Starting with the hiring of head coach Jeff Capel at the end of March, there’s been a wave of excitement around the Pittsburgh Panthers Men’s Basketball team. Not only has Capel been able to land some quality players for this upcoming season, but there are currently eight, top-100 players considering Pitt for the 2019-2020 season according to ESPN. But in order to keep that momentum going, the Panthers will have to take more than a few steps forward this season, and the incumbent players are going to play a large role in determining how many steps the team takes.
Rather than do a traditional writeup on some players and discuss certain aspects of their game that hopefully improved over the summer, I am going to compare them to a past and/or present NBA player and how that particular Pitt player can follow a similar path in their development. First up, we have sophomore forward Terrell Brown.
Brown is a raw talent with pogo stick athleticism, so that gives him a high ceiling, theoretically. However, his feel for the game isn’t quite on par with his physical gifts, which leads to him floating in and out of games and it’s one of the reasons we only saw quick flashes of his potential last season. That combination along with a lack of a true post game, right now, reminds me a lot of Brandan Wright during his lone year as a UNC Tarheel.
Now before I get into the comparison, I am not saying that Brown has the same ceiling as a guy who was a lottery pick over a decade ago, nor do I think he’ll reach the same point that Wright did in his development, but the path to reach his potential is similar.
For starters, Brown doesn’t have terrible touch around the basket (59.7% at the rim - that’s still not very good), but he lacks confidence in a decent right-handed hook and is a little indecisive at times. Wright was projected to become a multifaceted forward, which he has become in someways, but early in his collegiate career he pretty much stuck to a reliable hook shot over either shoulder. If Brown can work on getting his hook shot off on various positions on the block, as opposed to trying to avoid contact or shy away from potential help defense, I think he’ll have far more success this season.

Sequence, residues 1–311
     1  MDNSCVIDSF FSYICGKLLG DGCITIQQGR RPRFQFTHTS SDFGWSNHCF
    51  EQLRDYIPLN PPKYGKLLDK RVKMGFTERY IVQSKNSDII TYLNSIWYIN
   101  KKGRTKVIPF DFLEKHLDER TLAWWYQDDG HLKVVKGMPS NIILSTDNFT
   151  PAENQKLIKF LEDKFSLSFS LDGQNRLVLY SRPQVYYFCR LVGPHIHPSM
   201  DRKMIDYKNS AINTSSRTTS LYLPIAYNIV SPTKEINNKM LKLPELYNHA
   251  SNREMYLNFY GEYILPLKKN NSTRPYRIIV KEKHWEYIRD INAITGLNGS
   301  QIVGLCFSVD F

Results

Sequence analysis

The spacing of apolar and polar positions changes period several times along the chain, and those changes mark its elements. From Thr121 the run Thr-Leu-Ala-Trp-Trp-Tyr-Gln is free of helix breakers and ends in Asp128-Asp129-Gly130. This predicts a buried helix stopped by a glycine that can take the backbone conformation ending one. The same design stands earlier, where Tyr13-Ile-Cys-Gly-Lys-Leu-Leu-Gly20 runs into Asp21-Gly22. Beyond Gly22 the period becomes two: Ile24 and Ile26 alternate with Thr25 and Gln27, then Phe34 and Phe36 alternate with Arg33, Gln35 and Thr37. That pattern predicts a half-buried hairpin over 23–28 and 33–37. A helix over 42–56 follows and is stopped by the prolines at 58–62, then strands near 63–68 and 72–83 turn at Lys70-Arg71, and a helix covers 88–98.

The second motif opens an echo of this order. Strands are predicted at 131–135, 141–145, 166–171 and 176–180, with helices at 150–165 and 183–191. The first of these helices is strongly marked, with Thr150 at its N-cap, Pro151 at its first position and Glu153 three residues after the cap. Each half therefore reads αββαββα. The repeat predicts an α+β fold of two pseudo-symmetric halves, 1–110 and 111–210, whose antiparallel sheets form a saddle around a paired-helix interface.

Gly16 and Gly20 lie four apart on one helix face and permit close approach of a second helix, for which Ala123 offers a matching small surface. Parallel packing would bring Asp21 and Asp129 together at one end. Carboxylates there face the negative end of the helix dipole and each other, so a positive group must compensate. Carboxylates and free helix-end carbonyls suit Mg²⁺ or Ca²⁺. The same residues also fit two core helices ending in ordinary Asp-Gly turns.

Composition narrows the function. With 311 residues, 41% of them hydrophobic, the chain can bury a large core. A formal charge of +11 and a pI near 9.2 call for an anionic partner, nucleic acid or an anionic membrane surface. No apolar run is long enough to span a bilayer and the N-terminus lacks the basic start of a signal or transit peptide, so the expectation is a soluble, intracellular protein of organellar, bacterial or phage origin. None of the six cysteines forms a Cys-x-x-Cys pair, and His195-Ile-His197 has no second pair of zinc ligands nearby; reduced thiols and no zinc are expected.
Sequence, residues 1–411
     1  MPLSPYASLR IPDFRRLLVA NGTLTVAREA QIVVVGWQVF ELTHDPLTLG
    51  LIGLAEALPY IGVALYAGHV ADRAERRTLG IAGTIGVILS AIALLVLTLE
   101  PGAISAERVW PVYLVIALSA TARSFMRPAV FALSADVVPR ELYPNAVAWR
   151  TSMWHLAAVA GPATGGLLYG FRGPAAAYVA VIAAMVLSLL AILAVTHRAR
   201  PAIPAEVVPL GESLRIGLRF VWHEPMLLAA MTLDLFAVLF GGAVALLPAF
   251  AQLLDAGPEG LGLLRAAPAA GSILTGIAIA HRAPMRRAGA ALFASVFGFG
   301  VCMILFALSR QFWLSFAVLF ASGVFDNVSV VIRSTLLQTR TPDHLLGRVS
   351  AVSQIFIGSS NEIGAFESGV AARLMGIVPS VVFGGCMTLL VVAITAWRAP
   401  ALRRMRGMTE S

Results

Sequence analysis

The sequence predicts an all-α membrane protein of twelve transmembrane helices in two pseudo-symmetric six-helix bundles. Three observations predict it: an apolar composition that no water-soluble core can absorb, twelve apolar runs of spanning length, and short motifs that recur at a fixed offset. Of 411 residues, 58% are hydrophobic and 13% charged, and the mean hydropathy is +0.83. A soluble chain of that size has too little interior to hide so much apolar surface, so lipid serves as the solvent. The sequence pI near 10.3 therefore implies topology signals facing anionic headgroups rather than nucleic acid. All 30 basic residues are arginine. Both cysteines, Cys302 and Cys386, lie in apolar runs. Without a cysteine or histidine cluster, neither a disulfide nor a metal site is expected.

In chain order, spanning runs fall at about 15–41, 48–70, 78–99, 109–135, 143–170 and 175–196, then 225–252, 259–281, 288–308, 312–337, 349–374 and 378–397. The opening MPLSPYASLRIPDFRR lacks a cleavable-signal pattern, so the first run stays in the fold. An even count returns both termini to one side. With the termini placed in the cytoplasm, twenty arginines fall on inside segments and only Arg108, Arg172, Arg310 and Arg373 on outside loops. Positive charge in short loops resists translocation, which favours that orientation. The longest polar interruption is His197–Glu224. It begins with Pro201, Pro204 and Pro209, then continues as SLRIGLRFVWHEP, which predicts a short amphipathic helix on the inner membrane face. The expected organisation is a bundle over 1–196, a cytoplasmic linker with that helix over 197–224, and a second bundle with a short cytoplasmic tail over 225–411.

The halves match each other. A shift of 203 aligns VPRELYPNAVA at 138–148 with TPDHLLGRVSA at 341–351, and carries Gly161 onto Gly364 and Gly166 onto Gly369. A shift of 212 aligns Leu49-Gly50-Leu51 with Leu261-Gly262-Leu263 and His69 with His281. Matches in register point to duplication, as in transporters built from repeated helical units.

Neither was, or in Brown’s case is, a great rebounder. While I think Brown appeared to have more muscle on his frame during his freshman season, neither possessed the kind of physicality that would have allowed them to inhale rebounds through contact. Given their long and athletic builds, they should be able to rebound outside their area, particularly on the offensive end. The Panthers jacked up three-pointers on 47.5% of their attempts from the floor and only converted on 32.4%, so there was plenty of long rebound possibilities for Brown when he was on the floor.
Rebounding can often come down to desire, especially when you’re not battling for position but rather just trying run down caroms that bounce hard off the rim. A little more confidence would go a long way for Brown.
Brown’s outside jumper is going to take time to become a reliable option, like Wright. A majority of Brown’s field goal attempts came from outside the paint (53.7%), and he was a shade below 30% on his two-point jumpers (29.6%) while shooting just 16.7% from three-point distance. That’s just way too many attempts for someone that isn’t converting at even an average rate.
Scouts look at a players FT% as a loose indicator as to how effective they’ll be when they step away from the basket, but Wright was even worse than Brown in this department. So, there’s definitely hope that Brown will develop in this area. Mechanically, his shot isn’t broken it’s just really, well, mechanical. You can tell he goes through all the steps on an outside jumper in his head, while he’s shooting. On free throw attempts, Brown establishes a base with his feet shoulder width apart, on his three-pointers his feet are almost together sometimes. That’s definitely a sign of a guy that is working on his jumper, but it’s not game ready. Wright is by no means a marksman, but he has found a comfort zone in pick-and-pop situations and just knows how to hunt for his comfort zones. That’s certainly within Brown’s reach.
In terms of how Brown sets, flares, slips, and rolls out of screens I’d give it an incomplete. It wasn’t a huge part of Pitt’s offense and their success, or lack thereof, can be attributed to the guards as much as the screen setters. This really comes back to feel and understanding of the game. Brown is always a step slow on these, but that will get better with time and experience, hopefully. Of course it would need to be a bigger part of what the team is trying to do this season.
The physical comparisons, and to a lesser extent, their per minute stat lines make the on-paper comparison. With that said, I think Brown can follow Wright’s path to success, although I doubt that will conclude with him in the NBA. Once the game slows down for Brown, he’ll need to develop a reliable move or two, and he’ll be able to expand further away from the basket. He’ll never be a dominant rebounder, but he is more than capable of keeping balls alive and staying active on the boards.
- Stats courtesy of Hoop-Math.
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